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Seance at Scanlon’s?

And guess who followed ME home? […]

O Lincoln, My Lincoln

Here is a more focused set of my photos from Digital Whitman’s DC visit, which we made two days before discussing Whitman’s Lincoln writings/lecture in class. When we went into the actual theater (or, in some of my students’ cases, the napping room–shame on you!), I was disappointed at first that the guard ushered me upstairs […] […]

Favorite Manuscript Moment

I am indebted to Other Sam for drawing my attention to this very moving detail. One of the best things I saw at the Library of Congress was Whitman’s letter of December 29, 1862 (that is, exactly 106 years before the day I was born), to his mother about finding George in Fredericksburg. We were […] […]

Free tickets to Ford’s Theater for 19 people through Ticketmaster plus $2.00 access fee? $49.50. Thirteen hours of parking for three vehicles? $30.00. Bodily presence? Priceless.

Immediacy is something the Reverend talks about as a benefit of the blog, social networking technologies, and the great digital experiment that is Looking for Whitman. Presence. Accessibility. These are words we use a lot. So this week a question has been dogging me while I process Digital Whitman’s Saturday field trip to Washington City. […] […]

Saturday, October 24, Washington City: Some Info

Whitmaniacs, A few notes for Saturday (check for updates!): 1. Carpool rendez-vous: Jefferson Circle behind Combs at 9:00 a.m. 2. Parking in DC: 1201 F St. NW, 20005 Take 95 North to 395 North (follow signs from 95 for 395/495/Washington/Tysons) On 395, take 12th Street exit toward L’Enfant Promenade 12th Street (follow slight left at 11th St SW/12th street tunnel) Left onto […] […]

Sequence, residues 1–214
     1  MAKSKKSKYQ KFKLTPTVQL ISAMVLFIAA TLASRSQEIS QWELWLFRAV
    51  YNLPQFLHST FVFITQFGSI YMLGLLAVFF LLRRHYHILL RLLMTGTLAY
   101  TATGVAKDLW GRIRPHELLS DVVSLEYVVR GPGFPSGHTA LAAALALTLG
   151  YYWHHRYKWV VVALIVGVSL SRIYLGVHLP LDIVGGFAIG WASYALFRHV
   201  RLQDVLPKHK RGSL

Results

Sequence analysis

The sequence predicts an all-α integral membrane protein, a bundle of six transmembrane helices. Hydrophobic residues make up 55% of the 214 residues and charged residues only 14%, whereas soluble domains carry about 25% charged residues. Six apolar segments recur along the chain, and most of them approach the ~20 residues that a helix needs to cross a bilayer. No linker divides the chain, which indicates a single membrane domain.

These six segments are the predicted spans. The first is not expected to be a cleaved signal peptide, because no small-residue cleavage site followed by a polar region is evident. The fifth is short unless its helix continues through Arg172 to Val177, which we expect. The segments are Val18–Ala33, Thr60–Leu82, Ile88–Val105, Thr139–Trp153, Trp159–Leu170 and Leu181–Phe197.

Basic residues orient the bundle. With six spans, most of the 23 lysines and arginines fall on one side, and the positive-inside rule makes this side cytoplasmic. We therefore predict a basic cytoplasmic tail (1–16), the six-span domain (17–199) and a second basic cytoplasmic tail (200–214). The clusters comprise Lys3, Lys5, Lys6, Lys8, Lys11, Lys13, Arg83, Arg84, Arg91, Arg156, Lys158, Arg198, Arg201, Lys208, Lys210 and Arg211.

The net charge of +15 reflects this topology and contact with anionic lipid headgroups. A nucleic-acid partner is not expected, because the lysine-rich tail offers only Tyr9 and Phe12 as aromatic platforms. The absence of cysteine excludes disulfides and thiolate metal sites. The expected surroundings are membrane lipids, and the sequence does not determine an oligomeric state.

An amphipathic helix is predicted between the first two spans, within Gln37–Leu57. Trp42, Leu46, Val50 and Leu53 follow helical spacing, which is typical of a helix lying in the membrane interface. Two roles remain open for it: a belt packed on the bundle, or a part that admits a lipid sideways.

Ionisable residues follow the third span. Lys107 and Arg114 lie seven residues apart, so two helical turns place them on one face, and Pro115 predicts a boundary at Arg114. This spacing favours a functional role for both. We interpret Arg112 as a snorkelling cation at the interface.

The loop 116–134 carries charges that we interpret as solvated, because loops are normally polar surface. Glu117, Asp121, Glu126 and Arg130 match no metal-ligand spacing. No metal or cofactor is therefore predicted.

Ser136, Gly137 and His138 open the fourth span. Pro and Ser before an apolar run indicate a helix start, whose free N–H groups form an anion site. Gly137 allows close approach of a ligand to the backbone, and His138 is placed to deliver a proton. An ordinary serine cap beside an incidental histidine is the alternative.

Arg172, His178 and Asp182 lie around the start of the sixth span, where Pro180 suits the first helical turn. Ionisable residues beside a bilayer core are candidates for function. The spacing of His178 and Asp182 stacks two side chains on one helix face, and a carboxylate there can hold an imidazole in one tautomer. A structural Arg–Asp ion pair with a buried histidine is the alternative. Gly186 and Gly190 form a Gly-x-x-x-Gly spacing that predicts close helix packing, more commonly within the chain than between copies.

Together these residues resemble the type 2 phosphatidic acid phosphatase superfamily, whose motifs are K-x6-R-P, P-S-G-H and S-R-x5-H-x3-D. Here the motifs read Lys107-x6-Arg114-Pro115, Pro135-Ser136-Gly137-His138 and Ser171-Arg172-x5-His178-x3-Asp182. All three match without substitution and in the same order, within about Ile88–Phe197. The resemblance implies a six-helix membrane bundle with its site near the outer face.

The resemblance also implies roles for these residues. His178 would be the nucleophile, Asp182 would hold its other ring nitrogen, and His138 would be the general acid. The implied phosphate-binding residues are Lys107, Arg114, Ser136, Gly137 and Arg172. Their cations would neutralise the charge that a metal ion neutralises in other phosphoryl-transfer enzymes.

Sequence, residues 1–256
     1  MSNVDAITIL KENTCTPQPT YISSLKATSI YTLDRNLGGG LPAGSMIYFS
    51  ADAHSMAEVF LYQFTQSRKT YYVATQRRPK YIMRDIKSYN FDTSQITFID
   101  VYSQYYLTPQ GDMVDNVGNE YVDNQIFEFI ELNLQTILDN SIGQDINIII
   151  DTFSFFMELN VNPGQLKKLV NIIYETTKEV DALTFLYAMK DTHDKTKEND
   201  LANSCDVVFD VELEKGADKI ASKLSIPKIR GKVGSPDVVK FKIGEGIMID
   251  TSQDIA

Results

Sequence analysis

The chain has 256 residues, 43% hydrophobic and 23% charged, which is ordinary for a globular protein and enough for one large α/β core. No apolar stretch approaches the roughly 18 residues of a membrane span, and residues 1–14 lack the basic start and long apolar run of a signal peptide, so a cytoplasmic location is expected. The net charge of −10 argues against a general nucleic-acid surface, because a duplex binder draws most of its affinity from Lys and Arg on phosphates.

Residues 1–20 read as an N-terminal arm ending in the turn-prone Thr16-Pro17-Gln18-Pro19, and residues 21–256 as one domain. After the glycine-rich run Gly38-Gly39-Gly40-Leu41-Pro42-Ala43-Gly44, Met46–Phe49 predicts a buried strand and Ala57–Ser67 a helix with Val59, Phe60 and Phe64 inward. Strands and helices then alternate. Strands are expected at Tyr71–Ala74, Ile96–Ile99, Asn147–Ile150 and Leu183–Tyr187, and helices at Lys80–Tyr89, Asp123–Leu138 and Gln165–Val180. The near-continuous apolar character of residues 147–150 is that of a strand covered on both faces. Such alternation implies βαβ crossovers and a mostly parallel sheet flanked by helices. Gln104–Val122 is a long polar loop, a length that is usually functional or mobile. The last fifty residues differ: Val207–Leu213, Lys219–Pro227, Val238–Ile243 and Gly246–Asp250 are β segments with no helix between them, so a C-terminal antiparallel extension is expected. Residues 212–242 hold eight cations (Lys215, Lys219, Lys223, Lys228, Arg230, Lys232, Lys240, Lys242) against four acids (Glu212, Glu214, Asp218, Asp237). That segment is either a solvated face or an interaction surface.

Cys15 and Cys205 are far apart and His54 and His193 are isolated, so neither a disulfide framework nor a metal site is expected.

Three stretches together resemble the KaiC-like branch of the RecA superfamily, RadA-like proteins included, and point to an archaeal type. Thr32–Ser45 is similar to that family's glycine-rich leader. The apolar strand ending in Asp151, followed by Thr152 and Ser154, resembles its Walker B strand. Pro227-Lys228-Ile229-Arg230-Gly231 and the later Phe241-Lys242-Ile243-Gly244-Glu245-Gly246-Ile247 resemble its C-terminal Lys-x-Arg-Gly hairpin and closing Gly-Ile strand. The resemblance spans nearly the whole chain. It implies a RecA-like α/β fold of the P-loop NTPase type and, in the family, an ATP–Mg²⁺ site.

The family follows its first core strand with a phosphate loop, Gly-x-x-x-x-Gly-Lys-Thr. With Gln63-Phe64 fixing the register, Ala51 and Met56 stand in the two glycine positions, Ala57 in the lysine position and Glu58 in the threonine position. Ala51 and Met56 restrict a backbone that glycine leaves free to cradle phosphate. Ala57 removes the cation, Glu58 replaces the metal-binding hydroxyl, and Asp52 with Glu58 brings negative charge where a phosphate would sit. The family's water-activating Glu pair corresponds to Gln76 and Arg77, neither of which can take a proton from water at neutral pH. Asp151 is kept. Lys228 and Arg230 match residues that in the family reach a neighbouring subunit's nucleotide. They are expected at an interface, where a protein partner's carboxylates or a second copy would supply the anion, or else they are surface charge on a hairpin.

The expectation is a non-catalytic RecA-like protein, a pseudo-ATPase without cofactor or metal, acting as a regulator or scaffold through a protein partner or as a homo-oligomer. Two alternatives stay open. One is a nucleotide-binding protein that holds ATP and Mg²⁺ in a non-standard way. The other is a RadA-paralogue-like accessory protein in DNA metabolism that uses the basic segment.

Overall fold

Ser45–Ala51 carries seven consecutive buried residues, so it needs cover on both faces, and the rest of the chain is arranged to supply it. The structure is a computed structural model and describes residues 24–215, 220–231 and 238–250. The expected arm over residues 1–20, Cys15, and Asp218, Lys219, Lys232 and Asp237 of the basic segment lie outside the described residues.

Under My Bootsoles Everywhere

I was reading in yesterday’s Washington Post in a piece called “Beyond ‘Great,’ to Exemplary” that Whitman’s “O Captain!” is one of about five works identified by the National Standards Initiative as it tries to give guidance to high school teachers about what students should know– with Austen, Morrison, and a few others, it was […] […]

Seeing the United States Civil War Style

Here is a clear, color-coded map from wikimedia commons that shows the US as Whitman knew it: seceeding states, Union states with slavery, Union states without slavery, territories. And here is one that shows the same, but in a more traditional cartography: […]

For Brooklyn

Hi CUNY Whitman scholars, Here at UMW we’ve been finding poems that mention or respond to Whitman. This poem doesn’t do so directly, but it focuses on a love of Brooklyn that may resonate with your readings now: “On Leaving Brooklyn” after Psalm 137 If I forget thee let my tongue forget the songs it sang in this strange land and […] […]

Finding Whitman in Charlottesville

Hey Whitmaniacs, here’s a shiver-inducer: Today I was in C’ville for an appointment and when it was done, my traveling companion Professor Emerson and I decided to stretch our legs on the grounds of our alma mater. Professor Emerson has a friend who works in the new rare book facility, which I had not seen, and […] […]

Whitman in Maryland

I came across this story and video (do NOT skip the video, which features the poem “Beat! Beat! Drums!”, t-shirts with Whitman in slouch hat, a bad rendition of “I Kissed a Girl,” people spouting such hate it will give you shivers, and the weirdest dancing religious prostester I’ve seen in a long time) about […] […]

A Few Words from the Elders (READ THIS)

Hey Whitmaniacs, This post is really a series of reminders and guidelines. Boring (and overwhelming? I’m trying), but read on: Don’t forget to log on to your own individual blog and post from there rather than posting directly on the Digital Whitman blog, which is creating problems for some folks. Dr. Earnhart has confirmed the start time for […] […]

March 1863: Lacy House (Chatham)

This is the home where Whitman found his brother George in December 1862 in the makeshift Union hospital, and spent a week visiting with soldiers before traveling to DC to begin his serious work as a spiritual missionary to the wounded. This image and the one below of Marye House (Brompton) are courtesy of a […] […]

What to Walt Whitman is the Fourth of July? A Belated Catalogue

This summer has found me thinking a lot more about the basic concept of our course: Whitman and place. “Place” to me is emerging not just as the streets of Fredericksburg and DC, though that is powerful, but also as a place in time or history–where is Whitman now, here? My ideas about it are […] […]

American Nutshell

For me, the real highlights of our Camden trip were of course the graveyard and house visits. What I can’t shake about the house on what used to be Mickle Street is the juxtaposition of signifiers: home of Walt Whitman, inspired, experimental communicator, Civil War nurse, poet-philosopher of democracy and national optimist + the broadened, […] […]